It’s nice to understand why events have occurred a certain way, and what is to come because of those events.
I’ve certainly craved such clarity in my life, and judging from what I’ve read and heard, that desire is common to much of humanity. Different religions attempt to provide such clarity in varying ways; the Easter event takes us to the core of how Christians view God and the very nature of the universe from beginning to end.
In other words, Easter is about celebrating the unveiling of The Really Big Picture.
The specific Easter story I’m focusing on this year, John 20:1-18, can be read as a movement from confusion to clarity. (If you want to see this text dramatized, it is part of a video clip found here.) As we experience the story, we can watch Mary Magdalene, Peter and another disciple, simply called the disciple whom Jesus loved, move from panic to a dawning awareness of what has happened.
The story begins with Mary Magdalene, who clearly adored Jesus with a deep, tender love. She discovers the stone covering his tomb has been rolled away and immediately runs for help. When she announces what she has discovered, she triggers a footrace between the two male disciples back to the tomb.
After they see Jesus’ burial linens and leave, Mary Magdalene remains at the tomb, weeping.
Confusion clearly has a grip on Jesus’ followers early in the story. It’s a confusion brought on not by the Easter events, but by the arrest and crucifixion of Jesus. They are horrified at what they’ve seen. They’re also mortified at their own cowardice and betrayal, and they fear the Jewish leaders and the Romans are preparing similar crosses for them.
Our individual circumstances are all different in the details, but I feel certain most people will recognize the general pattern Christ’s followers go through in this story. Somewhere there is a moment where life doesn’t make sense. What came before, good or bad, seems like part of an arbitrary universe; where you are headed can seem meaningless.
Oddly enough, it’s a feeling we can experience in the midst of worldly success or failure. Such confusion seems to walk hand-in-hand with youth. And often, old age can trigger a common question: “Is this all there is?”
At first, an empty tomb only magnifies the confusion of Jesus’ followers. It is interesting to me, though, how evidence of the resurrection almost immediately begins moving these disciples toward a clarity of thought that changes everything.
The open tomb and its unwrapped linens offer an answer: “There is something more.” The unnamed disciple in the story seems to at first hear the answer more clearly than Peter.
“Then the other disciple, who reached the tomb first, also went in,” we are told in verses 8 and 9, “and he saw and believed; for as yet they did not understand the scripture, that he must rise from the dead.”
Belief, even when not fully formed, is much better than despair.
Mary Magdalene receives an even greater revelation—she is the first to see with her own eyes why the tomb is empty. Her mind cannot process the answer at first. Even after a vision of angels, she believes the man before her must be the gardener. But at the sound of Jesus’ voice calling her name, she cries out with recognition.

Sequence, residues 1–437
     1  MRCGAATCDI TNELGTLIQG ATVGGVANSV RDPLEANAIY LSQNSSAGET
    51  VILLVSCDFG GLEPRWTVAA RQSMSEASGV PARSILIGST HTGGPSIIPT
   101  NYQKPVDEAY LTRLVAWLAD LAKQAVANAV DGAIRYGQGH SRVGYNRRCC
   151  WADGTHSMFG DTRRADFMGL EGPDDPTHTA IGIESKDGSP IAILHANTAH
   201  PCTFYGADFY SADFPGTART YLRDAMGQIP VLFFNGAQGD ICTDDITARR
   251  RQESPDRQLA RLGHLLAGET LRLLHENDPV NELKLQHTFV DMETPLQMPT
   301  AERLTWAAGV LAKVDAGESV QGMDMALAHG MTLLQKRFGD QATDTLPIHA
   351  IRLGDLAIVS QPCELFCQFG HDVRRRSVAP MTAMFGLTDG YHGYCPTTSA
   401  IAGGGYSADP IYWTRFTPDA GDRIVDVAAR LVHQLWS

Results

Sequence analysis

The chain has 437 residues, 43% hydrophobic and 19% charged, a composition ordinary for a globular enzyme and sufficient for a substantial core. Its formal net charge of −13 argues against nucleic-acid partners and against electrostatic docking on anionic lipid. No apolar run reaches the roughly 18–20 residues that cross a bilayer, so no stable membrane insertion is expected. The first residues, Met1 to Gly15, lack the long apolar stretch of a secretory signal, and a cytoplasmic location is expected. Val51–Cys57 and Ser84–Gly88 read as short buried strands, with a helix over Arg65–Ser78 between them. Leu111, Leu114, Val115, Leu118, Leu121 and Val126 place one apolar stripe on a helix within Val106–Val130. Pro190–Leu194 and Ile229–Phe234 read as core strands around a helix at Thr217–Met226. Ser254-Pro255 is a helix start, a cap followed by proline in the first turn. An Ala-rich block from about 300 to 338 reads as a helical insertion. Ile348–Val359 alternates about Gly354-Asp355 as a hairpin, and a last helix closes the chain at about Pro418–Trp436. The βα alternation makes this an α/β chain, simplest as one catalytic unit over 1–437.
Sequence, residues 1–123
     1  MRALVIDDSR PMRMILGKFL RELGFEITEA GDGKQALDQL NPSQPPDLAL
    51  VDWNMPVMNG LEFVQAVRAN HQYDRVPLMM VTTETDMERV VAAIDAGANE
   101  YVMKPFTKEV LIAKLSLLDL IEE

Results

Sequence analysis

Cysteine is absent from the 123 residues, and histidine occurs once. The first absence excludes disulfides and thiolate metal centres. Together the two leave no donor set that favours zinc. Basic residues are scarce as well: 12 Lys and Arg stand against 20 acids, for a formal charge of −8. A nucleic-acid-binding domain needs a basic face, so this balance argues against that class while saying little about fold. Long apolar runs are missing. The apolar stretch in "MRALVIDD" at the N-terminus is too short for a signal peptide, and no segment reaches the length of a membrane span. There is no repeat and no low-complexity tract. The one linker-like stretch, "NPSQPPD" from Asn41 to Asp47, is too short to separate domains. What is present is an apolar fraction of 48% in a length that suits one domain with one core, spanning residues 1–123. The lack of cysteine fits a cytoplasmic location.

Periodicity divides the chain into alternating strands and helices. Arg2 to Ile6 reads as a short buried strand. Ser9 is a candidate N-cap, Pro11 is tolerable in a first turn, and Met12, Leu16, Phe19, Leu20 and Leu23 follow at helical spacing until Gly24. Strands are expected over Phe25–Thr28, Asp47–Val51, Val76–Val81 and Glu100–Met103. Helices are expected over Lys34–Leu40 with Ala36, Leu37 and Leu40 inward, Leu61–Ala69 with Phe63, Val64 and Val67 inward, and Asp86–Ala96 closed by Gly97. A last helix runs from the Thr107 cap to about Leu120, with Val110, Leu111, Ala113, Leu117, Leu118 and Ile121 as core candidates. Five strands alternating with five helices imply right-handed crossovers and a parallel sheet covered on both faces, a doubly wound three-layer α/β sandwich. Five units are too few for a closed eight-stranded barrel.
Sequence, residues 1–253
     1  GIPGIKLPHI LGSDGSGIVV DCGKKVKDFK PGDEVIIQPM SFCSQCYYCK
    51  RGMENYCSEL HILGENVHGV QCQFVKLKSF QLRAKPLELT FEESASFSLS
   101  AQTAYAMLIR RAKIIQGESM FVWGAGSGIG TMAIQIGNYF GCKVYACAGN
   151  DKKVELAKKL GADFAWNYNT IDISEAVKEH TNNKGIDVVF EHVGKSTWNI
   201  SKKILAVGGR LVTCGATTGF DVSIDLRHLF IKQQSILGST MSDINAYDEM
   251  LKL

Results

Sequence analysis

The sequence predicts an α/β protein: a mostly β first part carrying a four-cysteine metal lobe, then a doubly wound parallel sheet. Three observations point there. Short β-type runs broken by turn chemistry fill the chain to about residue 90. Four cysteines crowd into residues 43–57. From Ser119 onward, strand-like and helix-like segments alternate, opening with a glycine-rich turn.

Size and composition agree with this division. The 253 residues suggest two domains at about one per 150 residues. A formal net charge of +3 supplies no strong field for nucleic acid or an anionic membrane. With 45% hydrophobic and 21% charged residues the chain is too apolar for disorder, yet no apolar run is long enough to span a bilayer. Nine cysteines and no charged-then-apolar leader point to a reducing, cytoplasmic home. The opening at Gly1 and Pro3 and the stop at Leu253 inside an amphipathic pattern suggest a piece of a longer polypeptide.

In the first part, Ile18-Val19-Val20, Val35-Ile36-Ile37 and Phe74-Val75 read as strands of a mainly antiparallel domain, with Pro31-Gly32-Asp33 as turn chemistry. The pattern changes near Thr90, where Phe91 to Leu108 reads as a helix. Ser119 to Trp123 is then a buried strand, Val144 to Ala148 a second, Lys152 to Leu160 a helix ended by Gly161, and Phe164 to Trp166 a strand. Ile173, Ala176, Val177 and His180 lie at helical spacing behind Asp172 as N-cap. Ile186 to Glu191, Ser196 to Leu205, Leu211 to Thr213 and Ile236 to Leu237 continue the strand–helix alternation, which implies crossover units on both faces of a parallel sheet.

She then runs and preaches what is for all practical purposes the first Christian sermon: “I have seen the Lord!”
If you call yourselves Christians, I’m sure you remember that first burst of clarity in your life, too. God does provide us with answers. God has imbued a wandering, sin-filled world with meaning and healing, and that gift to the universe becomes a gift offered to each one of us.
Death has no power. Why? Because God walked among us as Jesus Christ, experienced death, overcame it, and then told us not to fear it. Even if we pass through death before Christ returns, the void on the other side has been filled by his loving arms.
Sin has no power, not even in this life, not once we turn our lives over to the risen Savior. Why? Because when God crushed death, he also smashed and subjugated its cause, the evil that has run loose in this world for a time.
When we sin as Christians, it is only because we have forgotten who is on our side. Christ trumps Satan whenever we call on Christ’s strength to sustain us. The one who will be destroyed cannot stand against the one who is eternal.
It should help us to remember that the disciples did not achieve complete clarity of mind all at once. The Really Big Picture came into focus gradually, as if through a lens slowly twisted. The resurrected Jesus had to spend time among his followers, strengthening the weaker ones with signs, reassuring them that even in their failures they were loved. Ultimately, they needed the Holy Spirit working within them to achieve perfect clarity and strength.
Clarity did come, however. Great works in the name of Jesus Christ happened and continue to happen despite the human fragility of those who follow Christ.
And best of all, we know what we move toward—the full and complete restoration of all Creation. He is risen, and that truth changes everything.
I’ll spend the rest of the Easter season relating some of Jesus’ other post-resurrection appearances.